Get to know your treatment options for COVID-19

Last updated: May 10, 2021
Learn about the latest treatments available for adults and children with mild, moderate, or severe COVID-19.

Since the start of the pandemic, doctors have learned a lot about how to treat COVID-19. Some of the treatments used today are available only through emergency use authorization (EUA). This means the U.S. Food and Drug Administration (FDA) authorized them for use during the pandemic without all the evidence it might typically require. There was still enough data to show the treatments are effective and safe. The National Institutes of Health (NIH) has also developed treatment guidelines for doctors.

Any treatments used for COVID-19 should be prescribed or approved by your doctor. You could be seriously hurt or die if you take a drug that’s not approved for COVID-19, even if it’s used for other diseases. That’s why it’s so important to stay in touch with your medical provider through all stages of your illness, even if it seems mild.

Here’s how experts define mild, moderate, and severe COVID-19, and the different treatments available for each stage of the disease.

What is mild COVID-19 illness?

About 80% of people with COVID-19 have mild or moderate illness. This generally means they can rest at home until they get better. Symptoms start anywhere from two days to two weeks after exposure. They can include:

  • Fever
  • Cough
  • Fatigue
  • Chills
  • Muscle aches
  • Headache
  • Sore throat
  • Loss of taste or smell
  • Diarrhea
  • Nausea or vomiting

Your treatment options

Over-the-counter (OTC) pain relievers like acetaminophen or ibuprofen. They can ease fever and body aches. 

OTC cough medications. Look for one that contains the cough suppressant dextromethorphan if your cough is uncomfortable or makes it hard to sleep.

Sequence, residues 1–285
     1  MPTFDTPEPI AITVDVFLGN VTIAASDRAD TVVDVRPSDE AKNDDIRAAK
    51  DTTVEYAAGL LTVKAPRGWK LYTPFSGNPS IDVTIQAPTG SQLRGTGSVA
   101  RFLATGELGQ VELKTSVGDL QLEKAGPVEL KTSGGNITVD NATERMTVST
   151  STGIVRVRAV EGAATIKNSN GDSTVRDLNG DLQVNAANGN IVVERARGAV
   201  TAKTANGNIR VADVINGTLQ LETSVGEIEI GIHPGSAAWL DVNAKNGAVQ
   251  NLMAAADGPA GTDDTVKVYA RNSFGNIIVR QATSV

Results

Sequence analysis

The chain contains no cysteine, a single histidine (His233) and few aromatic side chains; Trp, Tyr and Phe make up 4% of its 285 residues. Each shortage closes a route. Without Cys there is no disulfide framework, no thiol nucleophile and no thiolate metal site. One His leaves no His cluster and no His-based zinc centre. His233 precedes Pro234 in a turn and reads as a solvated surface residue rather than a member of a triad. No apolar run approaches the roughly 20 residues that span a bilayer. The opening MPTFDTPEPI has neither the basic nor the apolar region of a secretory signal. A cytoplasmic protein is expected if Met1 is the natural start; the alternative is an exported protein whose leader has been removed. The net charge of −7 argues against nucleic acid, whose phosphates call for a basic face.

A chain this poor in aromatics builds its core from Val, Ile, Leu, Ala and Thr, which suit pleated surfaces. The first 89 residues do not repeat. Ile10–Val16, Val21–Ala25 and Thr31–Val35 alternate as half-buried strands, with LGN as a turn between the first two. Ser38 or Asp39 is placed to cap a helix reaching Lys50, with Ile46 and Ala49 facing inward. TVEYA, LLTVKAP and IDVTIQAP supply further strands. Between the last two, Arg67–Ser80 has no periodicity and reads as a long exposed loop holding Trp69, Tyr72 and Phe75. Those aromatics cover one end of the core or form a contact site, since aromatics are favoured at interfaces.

Monoclonal antibodies. Antibodies are proteins that your body makes to fight off disease while you’re sick. Monoclonal antibodies are designed in a lab. They are delivered through an IV at a doctor’s office or infusion center. The FDA allows their use in people ages 12 and older who are at high risk for developing complications from the virus. You may be eligible if you:

  • You are overweight with a body mass index (BMI) of 35 or higher,
  • Have chronic kidney disease,
  • Have diabetes,
  • Have a disease that compromises your immune system, like HIV or rheumatoid arthritis,
  • Are 65 or older, or
  • Are 55 or older with heart disease, high blood pressure, or chronic obstructive pulmonary disease (COPD).

What is moderate COVID-19 illness?

Some people who begin with mild symptoms of COVID-19 find that they worsen. This is more likely to happen if you have risk factors for severe disease, such as obesity or type 2 diabetes. In addition to all the symptoms of mild COVID-19, the main symptom of moderate illness is shortness of breath.

Your treatment options

If you have trouble breathing, let your doctor know right away. They may send you for a chest X-ray to rule out pneumonia. They may also have you watch your blood oxygen level at home with a pulse oximeter, a small device that clips onto your finger. The treatment options are the same as if you have mild symptoms. But if your oxygen level dips below 94%, you may need to go to the hospital.